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Effects of COVID-19 in ACA markets

Figure shows 4 scatter plots with trend lines


In this post, we examine how the COVID-19 pandemic affected frequencies of diagnoses and claims costs in the Affordable Care Act (ACA) marketplaces in 2020 and 2021.

The ACA marketplaces are critical sources of coverage for millions of Americans and were increasingly so during the COVID-19 pandemic due to job losses and coverage disruptions. The individual and small group markets covered 14.1 million and 7.9 million enrollees, respectively, almost exclusively younger than age 65, in 2020. Though older adults are generally the most vulnerable to COVID-19, the pandemic’s reach extended to all age groups. Millions of individuals became sick with COVID-19 and hospitalized with its complications, while others stayed home and avoided care.

The data, sample, and analysis

We used issuer-submitted plan-level data between 2018 and 2021 from the ACA individual and small group markets for all states and the District of Columbia to examine our two primary metrics: issuer claims costs and frequency of diagnoses.

For issuer claims costs:

  • We examined total paid claims costs for medical and pharmaceutical services.
  • We summarized results as per member per month (PMPM) cost by state.

For frequency of diagnoses:

  • We examined the number of enrollees with specific medical conditions, referred to as Hierarchical Condition Categories (HCCs) in the Department of Health and Human Services (HHS) risk adjustment model.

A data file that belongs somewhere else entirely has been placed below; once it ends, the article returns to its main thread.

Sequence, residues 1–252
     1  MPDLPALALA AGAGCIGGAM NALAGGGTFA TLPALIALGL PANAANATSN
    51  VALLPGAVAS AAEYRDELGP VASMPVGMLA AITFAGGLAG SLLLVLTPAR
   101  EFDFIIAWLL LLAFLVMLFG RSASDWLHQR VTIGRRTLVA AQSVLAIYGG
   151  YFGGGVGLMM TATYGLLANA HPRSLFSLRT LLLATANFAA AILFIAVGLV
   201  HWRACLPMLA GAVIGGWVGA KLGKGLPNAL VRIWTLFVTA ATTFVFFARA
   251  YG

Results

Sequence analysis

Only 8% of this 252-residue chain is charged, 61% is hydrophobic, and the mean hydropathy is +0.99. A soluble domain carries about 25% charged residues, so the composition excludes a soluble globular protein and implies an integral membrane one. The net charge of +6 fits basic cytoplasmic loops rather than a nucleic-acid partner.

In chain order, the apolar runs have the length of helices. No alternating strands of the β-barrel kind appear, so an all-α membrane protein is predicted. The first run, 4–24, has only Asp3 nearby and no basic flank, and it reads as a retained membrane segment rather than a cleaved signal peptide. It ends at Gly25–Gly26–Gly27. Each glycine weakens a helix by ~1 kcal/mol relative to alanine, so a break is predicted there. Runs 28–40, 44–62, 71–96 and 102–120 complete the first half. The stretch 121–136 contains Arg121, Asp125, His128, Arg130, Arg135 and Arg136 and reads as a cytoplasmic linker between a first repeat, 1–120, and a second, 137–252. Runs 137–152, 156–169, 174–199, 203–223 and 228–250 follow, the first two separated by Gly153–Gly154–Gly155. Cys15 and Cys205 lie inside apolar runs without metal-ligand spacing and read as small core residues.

• We summarized results as national percentage frequency by HCC.

To isolate the effect of the pandemic, we compare 2019–2020 differences to 2018–2019 differences and compare 2020–2021 differences to 2019–2020 differences. For example, we calculate the 2020 net change as the difference between the 2019–2020 change and 2018–2019 change, divided by the 2019 value.

While the diagnosis for COVID-19 itself is not captured by any HCC currently used by HHS, we identified 8 HCCs that contain diagnoses potentially related to complications of COVID-19.

Condition categories potentially related to complications of COVID-19

Complications from COVID-19 Associated HCCs (V05 HHS-HCC payment model)
Hypoxemic respiratory failure/ARDS HCC 127 Cardio-Respiratory Failure and Shock, Including Respiratory Distress Syndromes
Sepsis and septic shock HCC 2 Septicemia, Sepsis, Systemic Inflammatory Response Syndrome/Shock
Cardiomyopathy and arrhythmia HCC 130 Congestive Heart Failure
HCC 142 Specified Heart Arrhythmias
Complications from prolonged hospitalization, including secondary bacterial infections HCC 163 Aspiration and Specified Bacterial Pneumonias and Other Severe Lung Infections
Mechanical ventilators HCC 125 Respirator Dependence/Tracheostomy Status
Multiorgan failure HCC 38 Acute Liver Failure/Disease, Including Neonatal Hepatitis
HCC 127 Cardio-Respiratory Failure and Shock, Including Respiratory Distress Syndromes
HCC 130 Congestive Heart Failure
Myocarditis HCC 135 Heart Infection/Inflammation, Except Rheumatic

Condition frequencies and claims costs generally decreased on net in 2020, and rebounded in 2021

The typical year-over-year pattern, which we observed between 2018 and 2019, is that HCC frequencies and PMPM claims costs tend to increase over time. However, comparing 2019 and 2020, claims costs and frequencies of diagnoses were generally stable or decreased slightly. Consequently:

We observed net decreases in 2020 for claims costs in 46 states and for frequencies of over 80% of conditions.

Between 2020 and 2021, condition frequencies and PMPM claims costs both increased by more than in pre-pandemic years. The 2021 net change was positive for almost all HCCs with over 100,000 enrollees and for claims costs in every state. Nationally, PMPM claims costs increased to $494 in 2021, after remaining stable at $434 in 2019 and 2020. The increase between 2020 and 2021 ($60), was larger than in pre-pandemic years of 2018 to 2019 ($30).

Figure shows 4 scatter plots with trend lines